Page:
Despite Q2 sales dip, Apple's Macs, iPad and iPhone continue to outperform the industry

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Over the past quarter, reports from all over have been belaboring the idea that Apple is on the edge of crisis because its iPhone sales— which represent the majority of its business— declined year-over-year and because China— its brightest growth territory— similarly turned in disappointing sales numbers across the board.

However, it's important to keep in mind that one quarter of iPhone sales data does not create a trend. Nowhere is that more obvious than in recent historical sales of Macs.

Macs have been eating up PCs

Apple's quarterly Mac sales have fallen year-over-year on a number of occasions since 2009, but the overall trajectory of Mac shipments has been upward, bucking the clear downward trend among generic Windows PC shipments.

Quarterly Mac revenues tripled over the last decade from $1.7 billion in Q2 2006 to $5.1 billion in the most recent Q2 2016. In contrast, PCs are back down below where they were in 2008; unit sales are just 20 percent higher than they were a decade ago, according to data from Gartner.

This is quite incredible given that Macs— with an average selling price of more than $1,200— are showing themselves both able to compete and able to increase their overall market share in a sea of commodity PCs that sell at ASPs closer to $350.

The generic PC business is performing so poorly that Apple's Mac shipments can go down for a quarter (as they did in Q2) and the company's overall market share still goes up. That's even ignoring the fact that Apple's Mac share is much more valuable, because it represents the high end (and therefore most profitable) segment of PCs.

Additionally, Apple's out-performance of the PC industry with its premium Macs isn't just a one quarter fluke; it has been maintained through varying economic and seasonal cycles very consistently over the last decade. It should not be assumed that a shrinking smartphone market will prevent Apple from increasing its sales and profits from iPhones

Not only has Apple has sustained a decade of growth in Mac shipments and profits within a collapsing PC industry, it has also simultaneously introduced a new Post-PC competitor as its PC competitors fail in both conventional PCs and tablets. This indicates that it should not be assumed that a shrinking smartphone market will prevent Apple from increasing its sales and profits from iPhones.

This is particularly true given the associated— and even more profitable— $20 billion annual Services business that Apple has introduced in parallel, one that the company's phone competitors have failed to create on their own.

Services is once of Apple's fastest growing and largest business segments. Apple's Services business alone is more profitable than Facebook. In Q2, Apple reported over $6 billion in Services revenue compared to the $5.38 billion in advertising revenue Facebook brought in. Apple's Services business was also more profitable, earning more than twice as much as Facebook.

New lyrics, same tune

Remember when PCs first experienced a year-over-year drop in overall sales? Marketing groups fell all over themselves to explain away the problem by assuring us that it was all a temporary blip that would be corrected by the release of Windows 7, then Windows 8 and then Windows 10. That went on for years, not just a single quarter.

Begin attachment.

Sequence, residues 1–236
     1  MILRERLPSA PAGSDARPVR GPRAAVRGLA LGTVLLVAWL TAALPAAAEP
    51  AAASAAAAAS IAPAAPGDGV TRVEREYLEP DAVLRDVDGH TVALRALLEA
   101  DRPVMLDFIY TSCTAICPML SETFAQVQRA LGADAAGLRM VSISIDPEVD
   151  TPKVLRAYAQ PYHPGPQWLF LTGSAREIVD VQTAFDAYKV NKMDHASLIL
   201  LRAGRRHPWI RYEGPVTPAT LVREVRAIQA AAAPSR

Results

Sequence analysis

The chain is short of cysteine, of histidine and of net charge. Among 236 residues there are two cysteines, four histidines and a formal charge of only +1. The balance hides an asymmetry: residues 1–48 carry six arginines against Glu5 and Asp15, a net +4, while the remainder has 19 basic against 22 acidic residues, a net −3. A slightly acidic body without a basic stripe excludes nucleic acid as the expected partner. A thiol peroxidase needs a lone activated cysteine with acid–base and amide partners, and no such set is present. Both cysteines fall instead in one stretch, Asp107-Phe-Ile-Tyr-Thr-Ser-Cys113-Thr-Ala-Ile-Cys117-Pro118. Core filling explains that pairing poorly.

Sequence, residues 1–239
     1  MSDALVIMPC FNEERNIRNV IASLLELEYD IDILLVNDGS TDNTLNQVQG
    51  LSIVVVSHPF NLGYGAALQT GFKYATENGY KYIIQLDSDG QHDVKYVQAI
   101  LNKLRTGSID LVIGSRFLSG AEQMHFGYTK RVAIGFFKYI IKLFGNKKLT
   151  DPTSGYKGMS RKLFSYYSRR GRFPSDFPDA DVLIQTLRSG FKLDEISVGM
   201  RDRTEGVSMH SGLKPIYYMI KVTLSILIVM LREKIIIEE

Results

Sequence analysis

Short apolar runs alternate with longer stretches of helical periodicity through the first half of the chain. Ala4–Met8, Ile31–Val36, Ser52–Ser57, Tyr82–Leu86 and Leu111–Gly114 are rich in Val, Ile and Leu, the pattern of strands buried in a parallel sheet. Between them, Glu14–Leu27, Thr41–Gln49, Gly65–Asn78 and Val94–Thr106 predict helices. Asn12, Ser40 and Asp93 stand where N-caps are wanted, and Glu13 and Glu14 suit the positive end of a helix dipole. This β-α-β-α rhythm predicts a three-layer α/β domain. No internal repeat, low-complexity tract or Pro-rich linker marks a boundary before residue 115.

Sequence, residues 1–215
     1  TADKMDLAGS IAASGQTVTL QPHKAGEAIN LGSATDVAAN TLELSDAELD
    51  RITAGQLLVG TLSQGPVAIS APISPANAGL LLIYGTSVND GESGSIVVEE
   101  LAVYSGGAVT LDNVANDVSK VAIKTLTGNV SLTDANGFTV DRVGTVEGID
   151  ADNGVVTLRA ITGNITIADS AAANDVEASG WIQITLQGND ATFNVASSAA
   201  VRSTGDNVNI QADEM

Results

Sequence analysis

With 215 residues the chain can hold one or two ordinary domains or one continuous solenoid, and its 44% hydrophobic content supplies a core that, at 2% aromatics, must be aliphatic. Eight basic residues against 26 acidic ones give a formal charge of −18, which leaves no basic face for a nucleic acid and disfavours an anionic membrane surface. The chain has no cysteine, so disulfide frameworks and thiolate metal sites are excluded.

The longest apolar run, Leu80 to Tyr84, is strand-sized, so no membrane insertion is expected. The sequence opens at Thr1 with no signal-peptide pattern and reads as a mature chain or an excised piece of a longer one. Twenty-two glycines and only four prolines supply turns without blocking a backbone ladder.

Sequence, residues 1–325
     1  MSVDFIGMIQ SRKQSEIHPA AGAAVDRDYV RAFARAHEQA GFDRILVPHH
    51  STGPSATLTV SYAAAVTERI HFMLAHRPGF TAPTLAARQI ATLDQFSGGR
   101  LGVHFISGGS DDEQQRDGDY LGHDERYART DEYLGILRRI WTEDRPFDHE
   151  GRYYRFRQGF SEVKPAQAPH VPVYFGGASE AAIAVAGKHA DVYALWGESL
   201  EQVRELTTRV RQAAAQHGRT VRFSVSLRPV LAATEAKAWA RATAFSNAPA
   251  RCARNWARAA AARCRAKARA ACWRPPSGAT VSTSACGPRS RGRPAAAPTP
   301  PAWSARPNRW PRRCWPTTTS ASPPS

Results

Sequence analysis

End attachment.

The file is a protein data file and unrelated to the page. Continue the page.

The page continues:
Did anyone send out PR analysis predicting that the next release of macOS would incite demand for Macs? IDC and Gartner sure didn't.

Now that it is impossible to suggest that a new OS from Microsoft will somehow reverse the decline of conventional PC shipments, groups like IDC and Gartner have taken to claiming that new Surface hardware from Microsoft will rescue the PC in the form of "detachable" hybrid devices, even though Apple's own iPad Pro has similarly— and immediately, right out of the gate— outsold Surface Pro across its first two quarters of sales.

That's before Apple's new mainstream, lower priced 9.7 inch iPad Pro even went on sale. Apple's high end, 12.9 inch iPad Pro was the only model that's been available over the last six months, which indicates that most customers evaluating "detachables" actually did see more value in Apple's premium tablet than in the Surface, despite Microsoft's ad blitz and punditry claiming that iOS "isn't a real OS" and can't do real things.

iPad Pro

This even more noteworthy in the context of Mac growth outpacing other PCs, because most PC market analysts have stridently refused to even consider iPads to be "PCs," while they generally do count Surface and similar Windows tablets to be PCs.

Apple's computing revenues grew by 6x over the last decade

Not only has Apple increased its Mac sales dramatically over the past decade, but it has also cultivated a new Post-PC replacement for PCs that has grown to be equally as large over the past six years (iPad and Mac both generated over $11 billion over the last six months).

While iPads differ in some respects from conventional PCs, they are direct competitors for an increasing number of important markets ranging from education to the enterprise. It's obvious that iPads are indeed eating up former PC sales, and the latest iPad Pro models are only going to accelerate that trend.